Thanks to the work of Sabhal Mòr Ostaig IT department we are happy to announce that all 150 videos in the original Guthan nan Eilean/Island Voices collection are now available for download in two different formats. For the best quality picture and sound you can choose the .avi version, but if you simply want something that will download quickly and not take up too much space just right-click on the “download MP4″ option.
Go to this page first, where you will see Series 1, Series 2 Outdoors, Generations, and Enterprise listed in the lefthand sidebar. Choose whichever section you wish to browse and select whichever video you wish to download. For the sake of completeness you will also find links to the transcripts and to the YouTube versions. If you would prefer to read the pages in English rather than Gaelic just click on “English” in the top right of any page.
Sabhal Mòr Ostaig works closely with Hebridean communities where Gaelic is spoken, in order to maintain a close link between its academic activities and the vernacular language. And through the Guthan nan Eilean/Island Voices project that interest is bilingual, extending to encompass English development activities led by the college’s community training partner, Cothrom.
A third partner in the project is the community newspaper, …
And this morning the Island Voices YouTube channel displays an interesting statistic – over 50,000 views of Island Voices Videos!
Top of the all-time list comes Norman Maclean’s fascinating conversation with Archie Mackay on Creativity and Values – part of the Series Two Enterprise English collection. But there’s been an interesting upsurge across the board over the last couple of months, with the Gaelic Documentary on Catching Razorfish (from the Series Two Outdoors collection) making a very strong showing – particularly in the USA. It’s now third on the all-time list – and catching up fast!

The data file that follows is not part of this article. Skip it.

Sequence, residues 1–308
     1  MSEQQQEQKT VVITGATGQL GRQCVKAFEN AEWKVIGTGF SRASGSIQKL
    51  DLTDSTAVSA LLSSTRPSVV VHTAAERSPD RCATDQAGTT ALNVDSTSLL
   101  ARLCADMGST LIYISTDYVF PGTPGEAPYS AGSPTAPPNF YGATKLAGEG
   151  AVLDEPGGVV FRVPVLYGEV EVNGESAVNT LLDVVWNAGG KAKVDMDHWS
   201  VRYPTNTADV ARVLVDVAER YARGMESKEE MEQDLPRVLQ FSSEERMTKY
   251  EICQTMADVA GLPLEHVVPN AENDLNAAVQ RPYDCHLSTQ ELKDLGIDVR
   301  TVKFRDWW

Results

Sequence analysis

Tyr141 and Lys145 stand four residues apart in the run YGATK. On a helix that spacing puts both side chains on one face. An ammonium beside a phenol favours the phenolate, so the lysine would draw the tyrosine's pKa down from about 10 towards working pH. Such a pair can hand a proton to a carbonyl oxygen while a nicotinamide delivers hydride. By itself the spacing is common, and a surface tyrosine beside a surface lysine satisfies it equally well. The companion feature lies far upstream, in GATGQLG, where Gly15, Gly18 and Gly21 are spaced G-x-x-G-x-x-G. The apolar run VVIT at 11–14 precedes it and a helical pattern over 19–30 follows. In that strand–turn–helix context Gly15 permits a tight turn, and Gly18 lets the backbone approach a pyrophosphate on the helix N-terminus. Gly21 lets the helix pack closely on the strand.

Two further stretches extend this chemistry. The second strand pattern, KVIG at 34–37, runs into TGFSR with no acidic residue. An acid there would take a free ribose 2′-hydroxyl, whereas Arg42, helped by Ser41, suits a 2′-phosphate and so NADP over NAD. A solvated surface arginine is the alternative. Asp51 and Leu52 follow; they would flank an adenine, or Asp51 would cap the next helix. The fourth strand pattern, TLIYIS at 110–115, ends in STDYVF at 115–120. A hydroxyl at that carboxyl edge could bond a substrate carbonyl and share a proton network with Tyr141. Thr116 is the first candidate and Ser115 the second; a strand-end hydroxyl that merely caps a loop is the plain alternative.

Should we be making preparations for a seasonal influx from the States of Gaelic-learning razorfish catchers? Spooky thought…
Seo pìos inntinneach a thèid leis an naidheachd mun leabhar “Puirt-à-Beul” a thàinig a-mach as ùr o chionn treiseag. Rinn Holly Gibb bhidio dhen taisbeanadh aig na dannsairean is na seinneadairean aig òraid Will Lamb aig Ceòlas. Abair “Guthan nan Eilean” – Rona Lightfoot, Kathleen Nic Aonghuis, agus Sìneag Nic an t-Saoir!
Agus seo na faclan – ma tha sibh airson seinn còmhla riutha…
Ceud taing do Holly airson cead am bhidio a shealltainn an seo!
(English introduction in Am Pàipear here.)
Catrin Evans lives on Grimsay and studies at Sgoil Lìonacleit. And in her spare time she writes songs – songs which are making an impression. She’s started to be a regular performer at Taigh Chearsabhagh’s Taigh Ciùil, and she’s been away to the “Wee Studio” in Stornoway to make some recordings, thanks to family support and a Creative Scotland award for young musicians. Here, she talks to Gordon Wells about how she started writing songs, what the process is, and how the island environment inspires her. She also talks about the experience of recording in a professional studio, and how it’s boosted her confidence and desire to do more writing and performing:-
(If you’re an iPad or iPhone user you may need to follow this link: http://ipad.io/f0rp)
Here’s the Wee Studio recording of one of her songs – “Battleship”. (And you can follow the words if you click here.)